TEI by Example Module 4: Poetry Ron Van den Branden Edward Vanhoutte Melissa Terras Association for Literary and Linguistic Computing (ALLC) Centre for Data, Culture and Society, University of Edinburgh, UK Centre for Digital Humanities (CDH), University College London, UK Centre for Computing in the Humanities (CCH), King’s College London, UK Centre for Scholarly Editing and Document Studies (CTB) , Royal Academy of Dutch Language and Literature, Belgium
Centre for Scholarly Editing and Document Studies (CTB) Royal Academy of Dutch Language and Literature Koningstraat 18 9000 Gent Belgium
ctb@kantl.be
Edward Vanhoutte Melissa Terras
Centre for Scholarly Editing and Document Studies (CTB) , Royal Academy of Dutch Language and Literature, Belgium Centre for Scholarly Editing and Document Studies (CTB) , Royal Academy of Dutch Language and Literature, Belgium Gent
Centre for Scholarly Editing and Document Studies (CTB) Royal Academy of Dutch Language and Literature Koningstraat 18 9000 Gent Belgium

Licensed under a Creative Commons Attribution ShareAlike 3.0 License

9 July 2010
TEI by Example. Edward Vanhoutte editor Ron Van den Branden editor Melissa Terras editor

Digitally born

TEI by Example offers a series of freely available online tutorials walking individuals through the different stages in marking up a document in TEI (Text Encoding Initiative). Besides a general introduction to text encoding, step-by-step tutorial modules provide example-based introductions to eight different aspects of electronic text markup for the humanities. Each tutorial module is accompanied with a dedicated examples section, illustrating actual TEI encoding practise with real-life examples. The theory of the tutorial modules can be tested in interactive tests and exercises.

en-GB integrated examples in a single file
Robert Browning: Porphyria’s Lover

The following example is the poem Porphyria’s Lover by Robert Browning. Although no formal line groups are discerned, it has a systematic rhyme scheme repeating every 5 lines. This is indicated in the rhyme attribute of the outermost lg element. Some of the lines break up syntactic sentences; those have been marked with the value yes for an enjamb attribute.

THE rain set early in to-night, The sullen wind was soon awake, It tore the elm-tops down for spite, And did its worst to vex the lake: I listen'd with heart fit to break. When glided in Porphyria; straight She shut the cold out and the storm, And kneel'd and made the cheerless grate Blaze up, and all the cottage warm; Which done, she rose, and from her form Withdrew the dripping cloak and shawl, And laid her soil'd gloves by, untied Her hat and let the damp hair fall, And, last, she sat down by my side And call'd me. When no voice replied, She put my arm about her waist, And made her smooth white shoulder bare, And all her yellow hair displaced, And, stooping, made my cheek lie there, And spread, o'er all, her yellow hair, Murmuring how she loved me—she Too weak, for all her heart's endeavour, To set its struggling passion free From pride, and vainer ties dissever, And give herself to me for ever. But passion sometimes would prevail, Nor could to-night's gay feast restrain A sudden thought of one so pale For love of her, and all in vain: So, she was come through wind and rain. Be sure I look'd up at her eyes Happy and proud; at last I knew Porphyria worshipp'd me; surprise Made my heart swell, and still it grew While I debated what to do. That moment she was mine, mine, fair, Perfectly pure and good: I found A thing to do, and all her hair In one long yellow string I wound Three times her little throat around, And strangled her. No pain felt she; I am quite sure she felt no pain. As a shut bud that holds a bee, I warily oped her lids: again Laugh'd the blue eyes without a stain. And I untighten'd next the tress About her neck; her cheek once more Blush'd bright beneath my burning kiss: I propp'd her head up as before, Only, this time my shoulder bore Her head, which droops upon it still: The smiling rosy little head, So glad it has its utmost will, That all it scorn'd at once is fled, And I, its love, am gain'd instead! Porphyria's love: she guess'd not how Her darling one wish would be heard. And thus we sit together now, And all night long we have not stirr'd, And yet God has not said a word! TBE-crafted example encoding of Robert Browing’s poem Porphyria’s Lover, as it appeared in Dramatic Lyrics (Browning 1842).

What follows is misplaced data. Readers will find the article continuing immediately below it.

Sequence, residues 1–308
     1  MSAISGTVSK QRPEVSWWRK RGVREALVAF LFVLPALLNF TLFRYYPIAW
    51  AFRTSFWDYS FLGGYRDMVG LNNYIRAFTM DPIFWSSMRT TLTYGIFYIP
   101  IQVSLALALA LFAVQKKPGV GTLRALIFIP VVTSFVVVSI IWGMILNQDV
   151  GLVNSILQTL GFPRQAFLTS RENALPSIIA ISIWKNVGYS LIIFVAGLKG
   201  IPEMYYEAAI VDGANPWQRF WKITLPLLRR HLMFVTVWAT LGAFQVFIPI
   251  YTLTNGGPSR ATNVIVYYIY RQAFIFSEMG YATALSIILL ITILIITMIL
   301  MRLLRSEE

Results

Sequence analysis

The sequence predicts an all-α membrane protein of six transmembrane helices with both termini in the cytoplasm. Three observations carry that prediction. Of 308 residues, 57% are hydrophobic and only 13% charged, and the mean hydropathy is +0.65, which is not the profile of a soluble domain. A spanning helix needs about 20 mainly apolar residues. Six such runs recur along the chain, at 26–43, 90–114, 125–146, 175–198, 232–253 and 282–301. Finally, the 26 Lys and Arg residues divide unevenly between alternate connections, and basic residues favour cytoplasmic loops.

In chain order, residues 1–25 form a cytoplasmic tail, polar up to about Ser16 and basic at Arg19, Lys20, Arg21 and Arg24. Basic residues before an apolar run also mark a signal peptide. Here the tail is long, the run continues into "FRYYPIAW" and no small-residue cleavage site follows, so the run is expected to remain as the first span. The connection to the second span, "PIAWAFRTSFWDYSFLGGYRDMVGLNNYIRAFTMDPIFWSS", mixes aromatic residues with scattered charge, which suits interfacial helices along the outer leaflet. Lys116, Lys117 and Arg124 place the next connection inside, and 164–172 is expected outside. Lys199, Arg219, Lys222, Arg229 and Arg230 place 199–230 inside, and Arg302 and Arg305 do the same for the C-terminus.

Blake, William. 1789. Songs of Innocence and of Experience. London: W Blake. Encoded and made available by the University of Virginia Library, Text Collection at . Browning, Robert. 1842. Dramatic Lyrics. London: Moxon. Carroll, Lewis. 1865. Alice’s Adventures in Wonderland. New York: D. Appleton and co. p. 37. Islam, Mubina. 2004. A Selection of Sonnets: electronic edition encoded in XML with a TEI DTD. Unpublished Master’s Dissertation, London: University College London. Shakespeare, William. 1978. The Complete Works of William Shakespeare. Edited by Alexander, Peter. London: Collins. Swinburne, Algernon Charles. 1924. Swinburne’s Collected Poetical Works. London: William Heinemann. p. 330–31.